At 12:30 a.m. on Friday, April 7, the TEMPO (Tropospheric Emissions Monitoring of Pollution – TEMPO Mission Overview) instrument blasted off into space on the back of a commercial satellite. Both were launched in a Falcon 9 Space X rocket from Cape Canaveral. I joined the team as a guest of the Smithsonian Astrophysical Observatory (SAO) at The Center for Astrophysics | Harvard & Smithsonian to see the launch from Kennedy Space Center, and it was an unforgettable experience.

TEMPO and the commercial satellite it piggybacks on will settle into geostationary orbit over North America. It will join similar instruments in geostationary orbit over Europe and Asia. Being in geostationary orbit means the satellites move at the same speed and in the same direction as Earth rotates. All three of these will monitor air quality and pollution hourly at about 10 km spatial resolution. This near-real-time air quality data will be used to improve air quality forecasting and to better understand the way pollutants travel across the globe. One of the great things about TEMPO is that the data will be freely available to the public for use in scientific research and citizen science projects.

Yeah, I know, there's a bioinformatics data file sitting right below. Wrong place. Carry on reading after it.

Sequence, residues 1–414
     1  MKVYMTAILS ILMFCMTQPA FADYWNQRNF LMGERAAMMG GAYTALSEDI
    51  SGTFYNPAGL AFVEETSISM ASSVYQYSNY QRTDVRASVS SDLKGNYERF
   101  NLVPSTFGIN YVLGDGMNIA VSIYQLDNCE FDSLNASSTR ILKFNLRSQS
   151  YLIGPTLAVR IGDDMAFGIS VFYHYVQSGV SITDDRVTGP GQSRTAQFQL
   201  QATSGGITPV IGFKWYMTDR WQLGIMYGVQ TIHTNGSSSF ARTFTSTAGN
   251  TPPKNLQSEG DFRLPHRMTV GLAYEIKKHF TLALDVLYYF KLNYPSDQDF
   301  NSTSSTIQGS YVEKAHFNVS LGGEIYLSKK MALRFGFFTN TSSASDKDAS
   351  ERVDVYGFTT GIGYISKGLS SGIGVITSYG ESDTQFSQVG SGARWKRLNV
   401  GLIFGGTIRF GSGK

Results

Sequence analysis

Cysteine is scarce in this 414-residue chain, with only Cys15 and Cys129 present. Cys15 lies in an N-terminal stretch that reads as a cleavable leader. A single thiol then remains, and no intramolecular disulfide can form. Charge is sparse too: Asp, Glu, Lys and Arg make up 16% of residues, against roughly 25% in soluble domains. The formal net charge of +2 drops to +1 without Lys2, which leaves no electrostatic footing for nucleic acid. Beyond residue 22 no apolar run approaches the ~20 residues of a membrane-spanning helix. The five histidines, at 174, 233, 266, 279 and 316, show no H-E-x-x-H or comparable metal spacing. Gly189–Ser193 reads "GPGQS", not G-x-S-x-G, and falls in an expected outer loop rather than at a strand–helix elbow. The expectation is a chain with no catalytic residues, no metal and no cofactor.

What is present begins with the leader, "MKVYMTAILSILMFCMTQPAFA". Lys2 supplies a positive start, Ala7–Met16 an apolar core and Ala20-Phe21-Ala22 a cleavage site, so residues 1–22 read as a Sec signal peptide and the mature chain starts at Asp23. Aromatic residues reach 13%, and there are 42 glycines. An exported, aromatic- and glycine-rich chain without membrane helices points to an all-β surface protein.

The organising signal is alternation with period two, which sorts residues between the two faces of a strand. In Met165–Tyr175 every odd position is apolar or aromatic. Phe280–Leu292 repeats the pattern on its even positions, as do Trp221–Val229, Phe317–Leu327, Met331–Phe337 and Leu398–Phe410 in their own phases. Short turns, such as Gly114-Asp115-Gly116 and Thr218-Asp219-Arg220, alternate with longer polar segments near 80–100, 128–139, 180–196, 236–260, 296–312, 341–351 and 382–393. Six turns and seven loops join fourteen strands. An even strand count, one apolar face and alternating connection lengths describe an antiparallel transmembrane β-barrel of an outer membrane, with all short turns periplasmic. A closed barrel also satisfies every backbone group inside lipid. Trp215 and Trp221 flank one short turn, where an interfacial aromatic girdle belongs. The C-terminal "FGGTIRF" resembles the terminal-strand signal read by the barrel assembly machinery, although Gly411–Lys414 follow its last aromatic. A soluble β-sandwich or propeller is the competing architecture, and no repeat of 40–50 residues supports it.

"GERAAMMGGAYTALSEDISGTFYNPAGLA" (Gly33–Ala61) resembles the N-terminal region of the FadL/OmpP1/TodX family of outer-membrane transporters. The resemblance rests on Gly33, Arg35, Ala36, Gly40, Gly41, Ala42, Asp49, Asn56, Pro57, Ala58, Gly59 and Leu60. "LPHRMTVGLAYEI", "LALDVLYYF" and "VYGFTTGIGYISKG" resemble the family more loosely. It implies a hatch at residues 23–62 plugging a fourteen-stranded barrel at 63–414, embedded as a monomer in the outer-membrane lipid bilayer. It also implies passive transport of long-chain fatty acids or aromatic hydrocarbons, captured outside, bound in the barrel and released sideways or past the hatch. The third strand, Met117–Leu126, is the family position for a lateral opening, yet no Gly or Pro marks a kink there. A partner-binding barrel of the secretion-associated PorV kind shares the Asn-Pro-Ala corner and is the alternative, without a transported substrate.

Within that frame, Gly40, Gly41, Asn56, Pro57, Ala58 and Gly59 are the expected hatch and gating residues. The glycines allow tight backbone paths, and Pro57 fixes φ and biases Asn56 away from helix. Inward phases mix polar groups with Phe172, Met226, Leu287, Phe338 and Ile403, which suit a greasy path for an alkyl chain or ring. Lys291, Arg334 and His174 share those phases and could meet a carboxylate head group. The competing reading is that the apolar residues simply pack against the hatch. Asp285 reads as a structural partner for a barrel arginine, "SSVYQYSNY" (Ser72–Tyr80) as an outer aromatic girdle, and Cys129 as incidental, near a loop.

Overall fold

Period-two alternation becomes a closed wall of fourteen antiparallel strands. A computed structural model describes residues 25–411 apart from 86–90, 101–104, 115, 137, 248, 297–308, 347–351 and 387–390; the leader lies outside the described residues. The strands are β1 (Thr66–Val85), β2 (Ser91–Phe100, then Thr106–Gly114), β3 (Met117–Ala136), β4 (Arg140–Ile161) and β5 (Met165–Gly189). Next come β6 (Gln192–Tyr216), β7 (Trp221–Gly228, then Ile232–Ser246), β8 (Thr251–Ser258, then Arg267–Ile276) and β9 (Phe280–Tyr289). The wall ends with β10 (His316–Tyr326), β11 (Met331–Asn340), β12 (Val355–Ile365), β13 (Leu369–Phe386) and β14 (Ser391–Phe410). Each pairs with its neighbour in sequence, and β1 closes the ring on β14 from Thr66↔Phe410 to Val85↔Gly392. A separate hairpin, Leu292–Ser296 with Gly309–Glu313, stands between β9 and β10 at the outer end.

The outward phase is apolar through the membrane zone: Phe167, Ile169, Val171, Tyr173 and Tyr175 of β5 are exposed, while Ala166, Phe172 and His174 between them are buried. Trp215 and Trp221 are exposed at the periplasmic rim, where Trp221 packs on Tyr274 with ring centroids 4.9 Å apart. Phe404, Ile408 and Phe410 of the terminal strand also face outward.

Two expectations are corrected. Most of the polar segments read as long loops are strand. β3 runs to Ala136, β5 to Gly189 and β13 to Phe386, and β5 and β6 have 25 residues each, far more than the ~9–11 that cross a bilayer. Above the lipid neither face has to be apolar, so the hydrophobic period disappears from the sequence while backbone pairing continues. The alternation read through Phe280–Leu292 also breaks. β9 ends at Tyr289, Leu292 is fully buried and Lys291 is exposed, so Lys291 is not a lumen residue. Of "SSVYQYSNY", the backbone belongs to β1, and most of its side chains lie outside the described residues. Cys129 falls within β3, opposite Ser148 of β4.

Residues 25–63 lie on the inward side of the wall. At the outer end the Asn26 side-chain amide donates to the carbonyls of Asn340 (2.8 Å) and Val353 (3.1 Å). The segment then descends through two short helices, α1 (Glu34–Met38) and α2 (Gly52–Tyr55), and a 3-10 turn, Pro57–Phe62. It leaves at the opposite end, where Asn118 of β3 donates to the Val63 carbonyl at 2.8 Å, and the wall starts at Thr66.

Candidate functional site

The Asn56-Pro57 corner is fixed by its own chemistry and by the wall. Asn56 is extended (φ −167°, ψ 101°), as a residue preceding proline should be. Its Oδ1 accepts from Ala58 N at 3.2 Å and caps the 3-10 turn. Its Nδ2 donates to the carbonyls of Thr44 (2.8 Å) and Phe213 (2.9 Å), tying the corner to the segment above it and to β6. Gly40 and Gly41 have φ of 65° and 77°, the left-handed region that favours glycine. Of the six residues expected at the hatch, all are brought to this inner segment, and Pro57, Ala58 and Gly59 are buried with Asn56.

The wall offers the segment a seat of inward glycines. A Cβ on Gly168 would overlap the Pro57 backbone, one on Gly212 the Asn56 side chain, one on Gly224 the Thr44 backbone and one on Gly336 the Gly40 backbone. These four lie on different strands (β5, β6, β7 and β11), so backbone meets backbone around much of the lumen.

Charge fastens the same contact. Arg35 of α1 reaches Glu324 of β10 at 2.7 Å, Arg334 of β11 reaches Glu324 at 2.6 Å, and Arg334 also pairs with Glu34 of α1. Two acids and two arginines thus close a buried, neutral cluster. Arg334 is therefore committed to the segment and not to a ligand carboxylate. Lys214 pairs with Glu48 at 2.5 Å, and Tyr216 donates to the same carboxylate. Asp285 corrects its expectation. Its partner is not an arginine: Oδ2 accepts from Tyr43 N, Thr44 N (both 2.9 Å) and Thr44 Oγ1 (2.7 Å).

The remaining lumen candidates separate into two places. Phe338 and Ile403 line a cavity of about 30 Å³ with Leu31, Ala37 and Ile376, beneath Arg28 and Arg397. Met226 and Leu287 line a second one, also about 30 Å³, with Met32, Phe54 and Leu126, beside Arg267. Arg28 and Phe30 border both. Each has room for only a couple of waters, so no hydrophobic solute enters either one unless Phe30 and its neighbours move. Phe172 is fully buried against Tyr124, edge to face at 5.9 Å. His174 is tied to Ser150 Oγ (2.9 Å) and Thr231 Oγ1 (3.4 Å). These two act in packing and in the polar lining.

It was an excellent evening for a launch, which went off without a hitch at the very opening of the launch window. Many scientists involved in the TEMPO instrument and related teams were invited to view the launch. We met at Kennedy Visitor Center around 11:00 p.m. and were taken by bus to the Banana Creek Launch Viewing Area. The rocket launched from Launch Complex 49, viewable across the water.

The following morning after a little sleep and a lot of coffee, we reconvened in our hotel lobby to review the first telemetry data from the spacecraft. The first thing after a mission is launched is to make sure the satellite is healthy, meaning that all its parts are working and the satellite itself is in the proper orbit. The TEMPO instrument won’t be turned on until after Memorial Day to allow the communications satellite it is traveling on to become fully operational. This time also allows for the instrument to heat up and evaporate any residual gases from the launch before opening its shutter for the first test images. After the first few months, the data will be made available to scientists and the public. It will certainly be exciting to see what TEMPO discovers!